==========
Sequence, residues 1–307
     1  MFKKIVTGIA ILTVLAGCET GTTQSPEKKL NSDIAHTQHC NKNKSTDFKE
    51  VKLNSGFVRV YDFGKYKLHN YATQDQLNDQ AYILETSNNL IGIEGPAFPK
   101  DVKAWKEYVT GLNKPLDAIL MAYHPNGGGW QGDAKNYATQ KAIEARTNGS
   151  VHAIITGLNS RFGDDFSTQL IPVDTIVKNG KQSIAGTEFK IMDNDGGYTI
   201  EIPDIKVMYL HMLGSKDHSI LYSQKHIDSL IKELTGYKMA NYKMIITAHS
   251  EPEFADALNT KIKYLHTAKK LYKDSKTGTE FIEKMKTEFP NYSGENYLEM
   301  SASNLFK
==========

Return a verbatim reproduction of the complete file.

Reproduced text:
Sequence, residues 1–307
     1  MFKKIVTGIA ILTVLAGCET GTTQSPEKKL NSDIAHTQHC NKNKSTDFKE
    51  VKLNSGFVRV YDFGKYKLHN YATQDQLNDQ AYILETSNNL IGIEGPAFPK
   101  DVKAWKEYVT GLNKPLDAIL MAYHPNGGGW QGDAKNYATQ KAIEARTNGS
   151  VHAIITGLNS RFGDDFSTQL IPVDTIVKNG KQSIAGTEFK IMDNDGGYTI
   201  EIPDIKVMYL HMLGSKDHSI LYSQKHIDSL IKELTGYKMA NYKMIITAHS
   251  EPEFADALNT KIKYLHTAKK LYKDSKTGTE FIEKMKTEFP NYSGENYLEM
   301  SASNLFK